Nabi Dog is the spunky, feisty little greyhound, the darker and smaller of the starving pair who showed up here in January, rescued from a ditch alongside the highway. Her "sister" Lulu is much more refined and retiring, afraid of everything. Nabi doesn´t like strangers, but when she´s among family she´s a pushy broad. At dinnertime, and in the morning when it´s time for everyone to get up, she is out in the patio leaping ´round the flowerbeds, shouting out the "woo woo woo" that brands her forever a hound-dog.
I´ve told her a thousand times that no hound-dogs are allowed in the house, but she tries her luck every time the front door is left open. She´d dearly love to be a house dog, but no dice. Two dogs in here is enough. And with her extra-long whip of a tail, a joyfully wagging Nabi is a destructive force.
Nabi´s not quite so fast as Lulu, but when they´re out in the fields chasing one another, the mirror-image Galgo Girls are never more than a meter or so apart from one another. They are a perfect pas de deux, and at 15 mph., a breathtaking sight.
On Thursday they hunted critters together in the woods alongside the camino into Calzadilla de los Hermanillos. Nabi killed at least two field mice. Together the galgos ignored us when we called them back to the car. And when we finally got everyone home, the two of them slipped out the gate. Paddy went to feed them dinner, and found the barn empty.
He stepped into the dusk and called to them.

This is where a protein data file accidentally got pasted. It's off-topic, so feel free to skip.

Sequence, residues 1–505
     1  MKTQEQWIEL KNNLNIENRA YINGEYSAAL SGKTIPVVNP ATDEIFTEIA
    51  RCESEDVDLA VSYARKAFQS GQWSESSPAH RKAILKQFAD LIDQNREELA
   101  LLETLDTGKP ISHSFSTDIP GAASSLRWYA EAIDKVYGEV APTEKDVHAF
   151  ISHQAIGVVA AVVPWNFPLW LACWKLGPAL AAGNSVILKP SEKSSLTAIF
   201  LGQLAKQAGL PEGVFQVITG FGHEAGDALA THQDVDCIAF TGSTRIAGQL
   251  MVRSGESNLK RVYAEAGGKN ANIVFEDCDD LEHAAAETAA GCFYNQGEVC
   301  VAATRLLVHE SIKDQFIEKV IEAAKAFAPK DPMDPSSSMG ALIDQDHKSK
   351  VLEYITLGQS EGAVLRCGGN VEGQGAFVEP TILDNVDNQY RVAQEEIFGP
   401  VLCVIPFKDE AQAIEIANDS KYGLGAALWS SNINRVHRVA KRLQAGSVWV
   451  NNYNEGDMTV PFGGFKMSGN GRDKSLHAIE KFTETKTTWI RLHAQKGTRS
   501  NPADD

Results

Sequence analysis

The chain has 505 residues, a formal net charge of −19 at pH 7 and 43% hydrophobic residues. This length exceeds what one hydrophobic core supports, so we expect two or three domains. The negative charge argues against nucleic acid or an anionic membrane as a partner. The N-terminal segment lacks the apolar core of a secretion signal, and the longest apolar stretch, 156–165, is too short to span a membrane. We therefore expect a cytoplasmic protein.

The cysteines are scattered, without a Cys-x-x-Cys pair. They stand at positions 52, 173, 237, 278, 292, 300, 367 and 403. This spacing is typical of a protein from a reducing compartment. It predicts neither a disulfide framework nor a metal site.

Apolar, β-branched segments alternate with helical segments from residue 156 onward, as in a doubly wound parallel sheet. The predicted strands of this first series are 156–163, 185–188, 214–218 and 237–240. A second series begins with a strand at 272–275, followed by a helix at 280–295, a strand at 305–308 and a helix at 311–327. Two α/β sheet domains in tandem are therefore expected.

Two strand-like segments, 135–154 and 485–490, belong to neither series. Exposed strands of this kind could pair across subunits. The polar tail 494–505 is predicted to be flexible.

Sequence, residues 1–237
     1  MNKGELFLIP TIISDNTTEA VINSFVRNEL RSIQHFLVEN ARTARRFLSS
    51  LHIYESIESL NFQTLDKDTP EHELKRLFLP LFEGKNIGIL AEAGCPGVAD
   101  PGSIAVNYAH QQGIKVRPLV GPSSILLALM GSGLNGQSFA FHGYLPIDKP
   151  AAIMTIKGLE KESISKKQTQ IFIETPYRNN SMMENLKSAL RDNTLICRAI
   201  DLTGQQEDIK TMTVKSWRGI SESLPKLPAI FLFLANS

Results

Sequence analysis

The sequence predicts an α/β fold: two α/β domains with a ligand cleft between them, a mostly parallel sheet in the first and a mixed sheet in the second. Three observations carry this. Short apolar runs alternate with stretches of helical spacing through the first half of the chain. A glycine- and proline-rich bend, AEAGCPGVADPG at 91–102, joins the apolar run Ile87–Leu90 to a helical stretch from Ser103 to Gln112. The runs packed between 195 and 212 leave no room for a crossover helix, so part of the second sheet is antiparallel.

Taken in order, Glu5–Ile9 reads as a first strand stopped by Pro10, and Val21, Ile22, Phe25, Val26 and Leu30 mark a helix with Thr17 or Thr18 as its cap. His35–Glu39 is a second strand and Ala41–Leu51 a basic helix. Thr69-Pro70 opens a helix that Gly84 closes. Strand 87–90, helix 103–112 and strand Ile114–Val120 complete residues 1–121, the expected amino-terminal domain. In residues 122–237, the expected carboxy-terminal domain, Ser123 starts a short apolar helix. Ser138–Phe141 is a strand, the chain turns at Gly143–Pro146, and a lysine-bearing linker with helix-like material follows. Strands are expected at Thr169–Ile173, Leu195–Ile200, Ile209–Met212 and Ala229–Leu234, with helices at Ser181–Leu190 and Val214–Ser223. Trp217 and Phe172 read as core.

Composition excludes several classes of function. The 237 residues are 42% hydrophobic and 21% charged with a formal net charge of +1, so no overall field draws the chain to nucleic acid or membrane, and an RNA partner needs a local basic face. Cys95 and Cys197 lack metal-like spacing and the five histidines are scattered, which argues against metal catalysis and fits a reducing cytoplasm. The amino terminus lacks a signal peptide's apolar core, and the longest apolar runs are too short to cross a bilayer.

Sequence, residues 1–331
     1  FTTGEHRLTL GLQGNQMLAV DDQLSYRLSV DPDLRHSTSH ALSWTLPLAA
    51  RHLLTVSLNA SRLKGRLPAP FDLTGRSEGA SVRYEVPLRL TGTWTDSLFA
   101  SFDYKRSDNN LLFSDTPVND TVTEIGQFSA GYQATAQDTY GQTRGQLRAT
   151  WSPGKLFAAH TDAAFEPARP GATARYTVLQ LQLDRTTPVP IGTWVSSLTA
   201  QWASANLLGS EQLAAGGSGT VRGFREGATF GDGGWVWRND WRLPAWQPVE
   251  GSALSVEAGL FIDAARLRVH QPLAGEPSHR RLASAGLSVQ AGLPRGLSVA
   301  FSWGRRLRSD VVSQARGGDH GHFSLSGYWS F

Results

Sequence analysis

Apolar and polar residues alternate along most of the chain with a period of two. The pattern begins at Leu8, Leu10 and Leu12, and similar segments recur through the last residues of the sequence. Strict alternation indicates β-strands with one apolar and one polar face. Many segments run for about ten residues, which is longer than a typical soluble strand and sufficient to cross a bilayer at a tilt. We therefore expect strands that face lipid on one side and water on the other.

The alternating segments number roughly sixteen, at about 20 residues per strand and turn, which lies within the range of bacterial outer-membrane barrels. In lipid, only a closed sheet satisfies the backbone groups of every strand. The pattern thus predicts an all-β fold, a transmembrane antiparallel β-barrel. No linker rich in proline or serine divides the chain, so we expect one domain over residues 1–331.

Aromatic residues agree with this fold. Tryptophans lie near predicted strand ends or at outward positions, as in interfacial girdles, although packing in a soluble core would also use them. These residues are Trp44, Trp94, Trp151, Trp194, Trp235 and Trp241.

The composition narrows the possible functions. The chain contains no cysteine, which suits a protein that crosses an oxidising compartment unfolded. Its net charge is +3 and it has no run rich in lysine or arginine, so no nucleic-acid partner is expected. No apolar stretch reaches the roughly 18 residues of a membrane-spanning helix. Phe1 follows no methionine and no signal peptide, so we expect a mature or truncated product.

Only Lulu appeared. Very strange, that. Very wrong.
It was a long night. Friday morning I took my spyglasses and the car, and went looking for naughty Nabi.
It took a while, but I found her.
I found her body. Lying along the edge of the A231 autopista, at the foot of the same roadside rabbit warren that so tempted Una a couple of years ago, was a greyhound carcass the same size as Nabi, wearing the same kind of collar.
She was not mutilated or messy.
She was elegantly posed, long legs outstretched, as if she was sunning herself on the patio.
The highway gave her to us. The highway took her away, just a few hundred meters west.
A part of me started to cry, and didn´t stop for a long time.
Some other part of me marched back to the house, told Patrick the news.
"Nabi is dead," I said, and somehow that made it so. We loaded a sheet and a shovel into the back of the car, and drove back to the autopista to collect her.
Together, with a pick and shovel, we buried her body out back. We put a seedling tree in the hole with her, so something good might come of it. Una and Tim and Murphy stood by in the tall grass, watching solemnly while we worked and wept.
Lulu stayed in the barn. In the night she cried. Tim went out and slept on the greyhound sofa with her, in Nabi´s spot.
Lulu is confused. Maybe she is lonely or sad, but who can tell what is going on in her tiny brain? She asks for more of our attention. She walks more sweetly on the lead. We wonder if we should go ahead and let this hound dog in the house, give her the gift of human company we denied to Nabi.
But Lulu doesn´t want to come inside, even though Una and Tim stay in here. Lulu lives in the barn, in the "Greyhound Lounge." That is where she wants to be.
I project my grief onto Lulu´s slender shoulders. I know Nabi´s troubles are over. She probably never knew what hit her, out there on the highway in the dark. It´s little Lulu who makes me feel the most sad.
I must learn to live without one of my pets.
Lulu must learn to live without her shadow.